Wall Street sees Amazon rejoining the trillion-dollar club later this year

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Jeff Bezos CEO of Amazon.

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There’s an exclusive club on Wall Street and it might let Amazon back in this year.

The so-called trillion-dollar club, which includes tech giants Apple, Microsoft and now Google-parent Alphabet, is the group of companies with a market value of $1 trillion or more. Apple has a market value of $1.38 trillion, Microsoft has a market value of $1.27 trillion and the group’s newest member, Alphabet, has a market value around $1.0 trillion.

Trailing closely behind is Jeff Bezos-led Amazon. The e-commerce giant currently has a market cap of $931 billion, but analysts on Wall Street are betting Amazon will be back in the club soon.

The average 12-month price target for Amazon is $2,188 per share, a 16.5% upside to its current share price, according to FactSet. This means analysts on Wall Street expect Amazon’s market value to reach about $1.08 trillion by year-end. (This projection does not account for share buybacks. Amazon’s market cap could come in a bit smaller if Amazon buys back its own stock, reducing share count.)

In September 2018, Amazon joined the trillion-dollar club for the first time, but has since lost some of its value because of heavy investments in last mile and 1-day delivery, grocery delivery and content for its streaming platform Amazon Prime Video.

“Amazon’s high-margin businesses continue to allow Amazon to drive greater profitability while still continuing to invest,” Morgan Stanley equity analyst Brian Nowak said in a note to clients on Thursday. Morgan Stanley raised its price target for Amazon to $2,200 per share from $2,100.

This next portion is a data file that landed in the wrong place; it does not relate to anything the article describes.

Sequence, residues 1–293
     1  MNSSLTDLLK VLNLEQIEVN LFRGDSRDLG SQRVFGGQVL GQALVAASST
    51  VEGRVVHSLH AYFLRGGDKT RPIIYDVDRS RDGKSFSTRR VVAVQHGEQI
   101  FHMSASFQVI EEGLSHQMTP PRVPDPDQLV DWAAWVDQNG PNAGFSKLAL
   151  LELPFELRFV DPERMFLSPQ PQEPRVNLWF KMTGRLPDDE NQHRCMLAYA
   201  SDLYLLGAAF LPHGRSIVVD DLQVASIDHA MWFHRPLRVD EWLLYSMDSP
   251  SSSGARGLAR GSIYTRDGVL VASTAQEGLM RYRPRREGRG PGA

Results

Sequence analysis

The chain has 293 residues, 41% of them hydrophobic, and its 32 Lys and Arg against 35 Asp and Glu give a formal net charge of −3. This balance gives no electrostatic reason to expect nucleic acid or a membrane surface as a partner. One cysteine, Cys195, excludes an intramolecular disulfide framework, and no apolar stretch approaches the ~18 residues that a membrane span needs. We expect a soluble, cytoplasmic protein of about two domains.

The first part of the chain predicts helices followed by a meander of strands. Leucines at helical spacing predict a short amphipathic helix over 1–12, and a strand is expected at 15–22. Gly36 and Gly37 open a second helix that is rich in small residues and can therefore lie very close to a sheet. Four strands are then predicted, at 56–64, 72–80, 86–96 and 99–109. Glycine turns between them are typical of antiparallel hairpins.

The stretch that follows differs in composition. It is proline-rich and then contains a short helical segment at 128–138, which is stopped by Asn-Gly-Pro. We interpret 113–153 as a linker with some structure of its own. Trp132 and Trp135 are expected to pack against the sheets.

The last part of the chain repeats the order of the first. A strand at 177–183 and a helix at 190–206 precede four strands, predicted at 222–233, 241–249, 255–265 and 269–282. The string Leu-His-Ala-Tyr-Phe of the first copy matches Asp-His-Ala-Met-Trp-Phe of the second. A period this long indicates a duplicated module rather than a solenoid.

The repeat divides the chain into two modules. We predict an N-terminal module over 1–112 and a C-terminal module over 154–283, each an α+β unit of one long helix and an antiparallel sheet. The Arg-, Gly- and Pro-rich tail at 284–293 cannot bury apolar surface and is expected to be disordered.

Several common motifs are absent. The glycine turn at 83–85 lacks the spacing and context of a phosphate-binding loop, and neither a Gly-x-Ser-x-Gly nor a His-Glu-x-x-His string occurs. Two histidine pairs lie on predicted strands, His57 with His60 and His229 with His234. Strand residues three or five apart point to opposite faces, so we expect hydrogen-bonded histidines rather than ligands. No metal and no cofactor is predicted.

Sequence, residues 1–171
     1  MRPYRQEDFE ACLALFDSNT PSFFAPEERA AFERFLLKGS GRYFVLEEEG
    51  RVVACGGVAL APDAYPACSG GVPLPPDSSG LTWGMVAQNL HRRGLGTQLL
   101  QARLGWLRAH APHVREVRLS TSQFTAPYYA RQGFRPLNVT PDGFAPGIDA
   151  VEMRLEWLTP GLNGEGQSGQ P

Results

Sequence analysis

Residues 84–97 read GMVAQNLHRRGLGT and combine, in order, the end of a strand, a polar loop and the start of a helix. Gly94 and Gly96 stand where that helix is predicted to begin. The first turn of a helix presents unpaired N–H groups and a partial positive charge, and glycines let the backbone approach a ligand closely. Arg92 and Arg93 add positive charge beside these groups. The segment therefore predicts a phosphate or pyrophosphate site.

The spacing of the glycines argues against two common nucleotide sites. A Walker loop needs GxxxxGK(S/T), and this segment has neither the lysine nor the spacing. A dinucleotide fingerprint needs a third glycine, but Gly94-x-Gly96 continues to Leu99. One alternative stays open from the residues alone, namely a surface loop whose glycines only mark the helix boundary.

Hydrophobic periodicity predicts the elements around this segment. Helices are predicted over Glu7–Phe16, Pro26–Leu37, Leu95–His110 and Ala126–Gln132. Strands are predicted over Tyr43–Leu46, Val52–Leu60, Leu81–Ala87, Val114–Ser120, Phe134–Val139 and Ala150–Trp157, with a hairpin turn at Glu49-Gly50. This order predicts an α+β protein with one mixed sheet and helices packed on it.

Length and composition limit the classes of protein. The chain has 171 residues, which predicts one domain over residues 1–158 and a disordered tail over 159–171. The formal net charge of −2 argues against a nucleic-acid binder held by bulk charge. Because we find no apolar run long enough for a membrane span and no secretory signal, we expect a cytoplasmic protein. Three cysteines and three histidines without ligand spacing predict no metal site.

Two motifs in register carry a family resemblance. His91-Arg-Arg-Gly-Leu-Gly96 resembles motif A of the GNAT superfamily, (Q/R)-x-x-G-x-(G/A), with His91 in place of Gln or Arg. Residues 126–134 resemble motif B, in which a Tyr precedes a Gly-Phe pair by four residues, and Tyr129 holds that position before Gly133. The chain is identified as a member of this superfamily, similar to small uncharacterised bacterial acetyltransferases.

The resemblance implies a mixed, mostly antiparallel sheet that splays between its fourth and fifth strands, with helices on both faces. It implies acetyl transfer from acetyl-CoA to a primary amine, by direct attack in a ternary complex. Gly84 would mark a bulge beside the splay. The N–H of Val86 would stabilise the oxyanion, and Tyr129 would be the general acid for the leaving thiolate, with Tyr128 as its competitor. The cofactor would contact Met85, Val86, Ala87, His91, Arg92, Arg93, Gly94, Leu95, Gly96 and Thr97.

UBS hiked its price target for Amazon to $2,305 from $2,100 on Friday, more than 20% upside to Thursday’s closing price of $1,877 per share. UBS is bullish on Amazon’s investment in 1-Day Prime shipping, which will likely result in increased purchase frequency, the firm said.

But UBS said Amazon is the most hotly debated stock among investors after last quarter earnings showed a miss on Amazon’s cloud business’ sales, which could be a drag on future earnings as it has provided the bulk of Amazon’s operating income for the past four years.

Plus, Amazon has come under fire from politicians for its disruption of the retail industry. Despite the “break-up of big tech” threats for Washington, Wall Street remains bullish on the stock that has grown almost 3000% in the past two decades.

Amazon is almost universally loved on Wall Street. Of the 50 analysts that cover the stock, 47 recommend buying the stock, according to FactSet. Three analysts have a hold rating.

If Amazon tops $1 trillion, it is unlikely any tech giants will sneak into the club anytime soon. The next closest candidate is social media company Facebook, with a market value of $632.6 billion. Analysts, on average, see Facebook’s market value increasing in the next 12 months is to $697.1 billion, according to FactSet.

—with reporting CNBC’s Nate Rattner and Michael Bloom.

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